This writer sends data to a Firebolt database.
Create a new configuration of the Firebolt writer.
The first step is to set up credentials:
Fill in your Firebolt Username, Password, and Database Name. To use the writer, you must fill in credentials for an S3 bucket, which will be used for staging. The writer will push data to the bucket and Firebolt will download the data from it.
NOTE: The S3 bucket must be in the same region as your Firebolt database.
The next step is to configure the tables you want to write. Click Add New Table and select an existing table from Storage:
Then specify table configuration. Use the preview icon to peek at the column contents.
For each column you can specify its
IGNOREmeans that the column will not be present in the destination table.
'') in that column will be converted to
NULL. Use this for non-string columns with missing data.
The Firebolt writer can take advantage of the column metadata. If they are available, the column types are pre-filled automatically. Make sure to verify the suggested types, however. These data types are taken from the data source and may not be the best choice for the data destination.
When you are done configuring the columns, don’t forget to save the settings.
At the top of the page, you can specify the target table name and additional load options. There are three main options for loading the data from Storage — Full Load, Automatic Incremental Load, and Manual Incremental Load.
In the Full Load mode all data is fetched from Storage.
In the Automatic Incremental Load mode, the data that has been added or updated since the last run of the component will be fetched.
In the Manual Incremental Load mode, you can select which data will be uploaded based on setting data filters on columns or specify a specific date range of when data was changed to upload.
In the Database Table Type section of the config you can select either a fact or dimension table.
Fact tables should be used for your traditional fact tables - usually your larger and most granular (transaction) tables. Dimension tables should be used for the smaller tables that are typically more descriptive in nature and are joined with the fact tables. If your table does not fit in either of the traditional fact/dimension definition, then it is recommended to define very large tables as fact, and smaller tables as dimension.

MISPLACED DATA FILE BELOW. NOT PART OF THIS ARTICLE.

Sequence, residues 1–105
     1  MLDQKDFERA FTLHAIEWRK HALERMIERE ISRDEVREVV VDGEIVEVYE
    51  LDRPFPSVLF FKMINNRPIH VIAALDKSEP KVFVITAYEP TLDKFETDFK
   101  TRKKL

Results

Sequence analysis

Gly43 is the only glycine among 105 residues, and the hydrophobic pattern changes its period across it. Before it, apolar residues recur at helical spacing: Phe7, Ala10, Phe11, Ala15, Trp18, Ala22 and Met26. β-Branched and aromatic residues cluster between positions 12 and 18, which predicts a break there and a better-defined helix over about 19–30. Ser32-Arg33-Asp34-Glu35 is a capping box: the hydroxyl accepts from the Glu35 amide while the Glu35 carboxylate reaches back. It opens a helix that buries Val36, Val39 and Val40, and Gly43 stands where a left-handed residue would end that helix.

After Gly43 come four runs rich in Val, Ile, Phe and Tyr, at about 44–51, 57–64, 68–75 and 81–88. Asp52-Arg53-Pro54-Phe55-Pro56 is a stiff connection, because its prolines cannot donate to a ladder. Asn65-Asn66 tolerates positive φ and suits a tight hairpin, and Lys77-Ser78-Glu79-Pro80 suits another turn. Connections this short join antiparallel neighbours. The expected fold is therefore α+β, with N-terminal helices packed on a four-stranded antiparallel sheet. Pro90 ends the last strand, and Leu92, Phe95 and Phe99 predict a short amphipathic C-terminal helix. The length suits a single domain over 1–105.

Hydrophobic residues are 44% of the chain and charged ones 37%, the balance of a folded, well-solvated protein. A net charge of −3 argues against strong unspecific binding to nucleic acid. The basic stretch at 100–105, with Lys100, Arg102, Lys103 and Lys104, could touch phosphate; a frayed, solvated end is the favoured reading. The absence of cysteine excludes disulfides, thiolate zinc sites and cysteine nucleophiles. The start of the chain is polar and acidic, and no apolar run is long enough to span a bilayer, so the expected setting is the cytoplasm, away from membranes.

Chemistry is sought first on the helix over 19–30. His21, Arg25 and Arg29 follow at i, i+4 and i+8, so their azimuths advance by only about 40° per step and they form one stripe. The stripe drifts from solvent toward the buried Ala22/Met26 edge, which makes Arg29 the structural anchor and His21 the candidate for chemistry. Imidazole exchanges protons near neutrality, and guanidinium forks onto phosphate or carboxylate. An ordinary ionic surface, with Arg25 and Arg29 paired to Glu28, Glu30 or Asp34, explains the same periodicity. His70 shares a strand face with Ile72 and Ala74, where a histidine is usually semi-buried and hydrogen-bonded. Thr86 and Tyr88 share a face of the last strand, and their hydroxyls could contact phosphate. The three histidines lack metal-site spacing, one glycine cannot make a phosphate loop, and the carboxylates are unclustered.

You can set the type of load for the output to Firebolt using Full Load or Append.
Full Load replaces all the data in the table with data sent from the input table settings. If the table does not exist, it creates it.
Append mode appends data to an existing table. If the table does not exist, it creates it.
Using this writer you can also set up Firebolt Indexes for your specific table. More information about each index can be found in the following index sections or on the Firebolt documentation page. To set the indexes, click on the pencil icon on either the primary index or join/aggregation index. Join indexes are available for dimension tables and aggregation indexes are available for fact tables.
Firebolt tables are persisted in S3 in a proprietary file format called TripleF, aimed to optimize speed and efficiency. One of the unique characteristics of the TripleF format is that it is sorted, compressed, and indexed. What defines the sort order of the files is the primary index defined on the table, which can include one or many fields. Primary indexes are mandatory for fact tables and optional for dimension tables.
Because the primary index determines the physical sort order of the file, it significantly affects performance. For optimal performance, the primary index of fact tables should contain the fields that are most typically filtered or grouped by. This enables most queries to scan physically adjacent data and thus improve query performance. The primary index does not have to be identical to the field/s by which data is partitioned at the source. In dimension tables, the primary key should include the field/s that are used to join the dimension table to the fact table.
A primary index should not be confused with a primary key in traditional database design. Unlike a primary key, the primary index is not unique.
Firebolt supports accelerating your joins by creating join indexes. Queries with joins might be resource-consuming and if not done efficiently - joins can take a significant amount of time to complete, which makes them unusable to the user. Using Firebolt’s join indexing saves time searching data in the disk and loading it into memory. It’s already there, indexed by the required join key, and waits to be queried.
You should consider implementing join indexes as best practice in Firebolt to speed up any query that performs a join with a dimension table. This reduces the additional overhead of performing the join to the minimum with the benefit of fast query response times while keeping your cloud bill low.
Firebolt incorporates many building blocks to guarantee fast query response times. One of these building blocks is a type of index called an aggregating index. The aggregating index enables you to take a subset of a table’s columns and configure aggregations on top of those columns. Many aggregations are supported from the simple sum, max, min to more complex ones such as count and count (distinct). The index is automatically updated and aggregating as new data streams into the table without having to scan the entire table every time since the index is stateful and consistent.